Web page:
This time last year sixty unnecessarily attractive women were flouncing around a catwalk in New York in their pants, with thousands of adoring and slightly jealous fans glaring at their eight abs and thighs which refused to wobble. Fast forward twelve months, and on the anniversary of the infamous Victoria’s Secret Annual Fashion show, the secret is no more as for only the second time in twenty-four years, the brand has cancelled its flagship catwalk parade. Pass the pigs and blankets, the Christmas diet is off.
After the show last year, the brand faced criticism from body positive activists and trans-rights groups after the creative director of VS, Ed Razek, stated that there is no room in the show for plus-size or transgender models due to it being ‘a fantasy’ and using the excuse that they tried in 2000 to use plus-size models and ‘No-one had an interest’. I mean, if you’re going to go off the results of something you tried eight years ago, you’re not going to manage to flourish in the fast pace society we currently live in, to put it bluntly VS- get with the times. These off-the cuff comments from the guy in charge of VS’s lucrative image confirmed what many had been sharing their concern about for years- that Victoria Secret was out of touch with the real world. But then again, isn’t that the point?
Victoria’s Secret has always been a fantasy; An unquestionable concept of perfection with the Angels gargantuas levels of beauty setting standards no every-day Joanne-Bloggs could ever reach. I remember growing up and idolising these women in their underwear, desperate for an inch of their beauty and a foot of their success. There were always questions around the body image the models were portraying to young girls, but I would flippantly put it down to jealously, an ‘I can’t do that so she shouldn’t be able to do it either’ attitude so many women seem to carry. But as the years go by and society shifts towards representation and visibility of all beauty ideals, I’ve began to question the jealous attitude I was so convinced surrounded the Angels, and have started to wonder if we’re all just a bit sick of being told we’re not good enough.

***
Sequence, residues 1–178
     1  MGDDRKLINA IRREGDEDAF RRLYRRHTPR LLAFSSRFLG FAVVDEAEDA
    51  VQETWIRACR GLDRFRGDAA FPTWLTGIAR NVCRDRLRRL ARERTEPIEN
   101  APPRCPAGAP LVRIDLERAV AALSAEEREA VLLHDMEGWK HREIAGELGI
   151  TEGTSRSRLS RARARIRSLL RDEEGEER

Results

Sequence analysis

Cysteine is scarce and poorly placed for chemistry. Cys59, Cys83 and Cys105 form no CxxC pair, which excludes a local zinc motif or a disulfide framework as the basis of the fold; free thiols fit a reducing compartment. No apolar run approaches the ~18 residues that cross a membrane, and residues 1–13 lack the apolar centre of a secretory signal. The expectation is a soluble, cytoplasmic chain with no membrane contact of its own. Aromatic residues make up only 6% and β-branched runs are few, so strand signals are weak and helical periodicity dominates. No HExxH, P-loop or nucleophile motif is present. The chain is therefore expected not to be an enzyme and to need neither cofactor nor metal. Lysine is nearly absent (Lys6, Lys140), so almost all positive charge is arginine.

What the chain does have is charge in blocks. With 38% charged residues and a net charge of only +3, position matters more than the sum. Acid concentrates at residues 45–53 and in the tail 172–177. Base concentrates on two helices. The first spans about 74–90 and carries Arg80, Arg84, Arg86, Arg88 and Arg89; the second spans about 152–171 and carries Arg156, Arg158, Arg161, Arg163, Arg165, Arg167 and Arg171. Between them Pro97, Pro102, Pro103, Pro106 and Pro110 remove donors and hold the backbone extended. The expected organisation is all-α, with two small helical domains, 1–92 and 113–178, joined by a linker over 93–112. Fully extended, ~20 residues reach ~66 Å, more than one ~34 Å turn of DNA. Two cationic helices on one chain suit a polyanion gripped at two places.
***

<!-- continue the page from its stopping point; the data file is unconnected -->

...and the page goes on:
Beautiful women are everywhere. They’re in the street, they’re in the magazines, they’re on the tele and they’re down the local Co-Op. But there was no display on earth of such goddess-like females than The Victoria’s Secret Fashion Show. It became more about the models, the figures and their looks than the
clothes teeny bits of fabric that adorned them. Social media would be scattered with tweets from ‘normal’ women sharing their misery at eating their dinner that night, shamed by the pangs for chocolate that protruded out their stomach. Confessional: I am one of these women, guilty of always tweeting about how shit the VS show made me feel. I mean if you’re a girl, you’re basically expected to share how inferior these women make you as if it’s a right of passage into Bridget Jones’ Diary. Across the land women would tune in to watch these glamazon’s stomp down the runway, their body shimmer glistening off their perfectly pert 32c boobs. Outfit after outfit that no-one is paying attention too, model after model that everyone can’t take their eyes off from. The Angels make no secret of the intense training and dieting they have to embark on to walk in the shows, yet every female viewer sitting on the sofa will still mutter ‘How do they look like that?!’ , As if we haven’t seen a daily update on the gram’ of the models squatting in the rain. They’re committed, I’ll sure as hell give them that.
To walk in The Victoria’s Secret Fashion Show is a dream for many, and a reality for a very elite few. I truly acknowledge all the dedication and hard work those girls put themselves through to be in the indescribable shape that they are in when they step out on that runway. They’re athletes, they’re supermodels, they’re bloody super women. But insisting the brand, and specifically the show must stay a fantasy, just might be what kills them off. We’re experiencing a shift in society where women all over are awakening to their sexuality and choosing to own their bodies and all their flaws, and we want brands which invite us to celebrate that. Is there a space for The Victoria’s Secret Angels in this new wave of feminism society? I hope so. We should all be able to engage in body positivity and female ownership of ourselves as sexual beings, but a little variation of what those bodies look like wouldn’t go a miss either.